Posted by: knightbird | February 8, 2015

Alaska Airlines Lean Management Improvements

Alaska Airlines gave a presentation at a Results Washington conference in 2012 about what Lean Management has meant for their organization. Alaska Airline’s implementation of Lean started with their initial visits to Boeing and Virginia Mason Medical Center in 2004. Since then, Alaska Airlines has generated some amazing improvements. I have seen many of them as I fly throughout their system. The link on the headline for this post is contained in the title.

I began introduction of Lean Thinking at Chugachmiut in 2004 as well. Like Alaska Airlines, we had great success. But if you don’t know what you are looking for in terms of improvement, you can miss it. What I saw develop over many years flying Alaska was a change both in attitude and results. You can see the results of workplace organization on the Alaska Airlines tarmac. They have painted lines where equipment is best positioned for productivity. That’s Visual Management, and it works. They have standard work. When flight attendants are welcoming passengers, they have a standardized location for each of them. I noticed that change some time ago. The purpose is to assist with on time departures. They have gotten better at on time departures. And flight attendants seem to have a standard greeting and departure protocol. However, with all the time I spend on Alaska, I am convinced that they love their jobs and when they say something to me, they mean it.

The explanation Alaska gives on the difference in random boarding versus back of the plane boarding first in their PowerPoint is one of the best rationales I have seen. You can give this kind of explanation if you have the data. Takt Time represents the number of passengers that need to be boarded. Cycle time is the time it takes each passenger to board once they start the process. Lean Time is the amount of time it takes to board all passengers. Alaska Airlines knows their Lean and can explain it.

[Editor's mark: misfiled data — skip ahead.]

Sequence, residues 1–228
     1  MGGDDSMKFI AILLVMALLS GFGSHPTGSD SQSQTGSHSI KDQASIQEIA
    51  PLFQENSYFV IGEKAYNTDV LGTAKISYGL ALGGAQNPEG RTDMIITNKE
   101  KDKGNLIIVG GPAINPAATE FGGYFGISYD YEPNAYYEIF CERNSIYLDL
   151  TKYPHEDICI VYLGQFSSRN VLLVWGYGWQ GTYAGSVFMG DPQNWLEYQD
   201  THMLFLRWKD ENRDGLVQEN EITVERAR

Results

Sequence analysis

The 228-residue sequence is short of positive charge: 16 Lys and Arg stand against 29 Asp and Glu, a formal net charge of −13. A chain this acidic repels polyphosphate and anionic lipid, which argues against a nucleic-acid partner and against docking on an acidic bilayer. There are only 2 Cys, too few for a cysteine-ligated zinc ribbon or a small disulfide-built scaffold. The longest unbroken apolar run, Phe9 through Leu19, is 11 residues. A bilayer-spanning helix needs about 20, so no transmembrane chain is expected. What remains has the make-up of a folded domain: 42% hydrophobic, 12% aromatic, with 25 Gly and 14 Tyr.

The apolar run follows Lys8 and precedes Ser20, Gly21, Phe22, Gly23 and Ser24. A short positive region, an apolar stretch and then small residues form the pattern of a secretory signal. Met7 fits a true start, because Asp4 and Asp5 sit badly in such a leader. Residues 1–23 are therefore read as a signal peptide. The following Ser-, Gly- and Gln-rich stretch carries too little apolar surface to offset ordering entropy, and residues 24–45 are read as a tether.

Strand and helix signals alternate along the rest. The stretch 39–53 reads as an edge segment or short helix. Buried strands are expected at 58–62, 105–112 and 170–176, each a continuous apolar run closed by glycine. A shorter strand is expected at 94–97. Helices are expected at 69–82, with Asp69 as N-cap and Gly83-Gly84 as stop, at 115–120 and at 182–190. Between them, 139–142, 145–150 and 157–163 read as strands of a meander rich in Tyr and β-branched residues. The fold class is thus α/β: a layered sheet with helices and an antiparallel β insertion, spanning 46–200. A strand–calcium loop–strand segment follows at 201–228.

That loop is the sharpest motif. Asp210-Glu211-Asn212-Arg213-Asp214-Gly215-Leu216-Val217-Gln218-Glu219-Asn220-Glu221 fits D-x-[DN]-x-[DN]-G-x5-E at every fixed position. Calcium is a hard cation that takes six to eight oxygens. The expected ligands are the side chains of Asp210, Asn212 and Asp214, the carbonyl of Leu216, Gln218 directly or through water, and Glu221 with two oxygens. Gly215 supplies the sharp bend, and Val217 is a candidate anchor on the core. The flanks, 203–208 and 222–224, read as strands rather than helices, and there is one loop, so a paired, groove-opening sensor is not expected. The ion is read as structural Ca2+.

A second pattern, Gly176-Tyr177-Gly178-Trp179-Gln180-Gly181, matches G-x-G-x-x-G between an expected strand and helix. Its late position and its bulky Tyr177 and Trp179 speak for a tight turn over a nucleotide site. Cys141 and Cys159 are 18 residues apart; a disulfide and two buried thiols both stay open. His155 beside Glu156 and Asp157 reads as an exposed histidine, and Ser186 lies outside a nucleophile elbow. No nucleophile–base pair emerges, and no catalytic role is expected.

Page 12 of the PowerPoint demonstrates workplace organization and it’s a fine demonstration. An organized work space saves you time. Page 16 examines a Root Cause for excess Pilot Reserve using a fishbone diagram. With a .5% increase in pilot productivity, Alaska’s profit improves substantially by reduction of costs and recapture of value.

The presenter goes through an outstanding explanation of the waste encountered in the aviation industry. When you understand and are willing to address elimination of waste, you gain greater productivity. And greater productivity comes from many places, not just increasing revenue.

I want to make one more point about the relationship between Government Services and private sector business. If government does their job better, private business can do their jobs more efficiently. All passengers boarding an airplane have to go through security. Alaska examined the security processes, and increased throughput at peak times from 1200 to 1600 passengers. That’s an improvement of 33 1/3%. Outstanding. That means planes can board quicker and depart one time. Utilization goes up. If government does their job poorly, then businesses suffer, and we pay more for the waste caused by government. But guess what? If Alaska Airlines can work with government and gain productivity improvements, they can deliver greater value to all of those government employees who travel on Alaska Airlines. We all benefit. Think about that.

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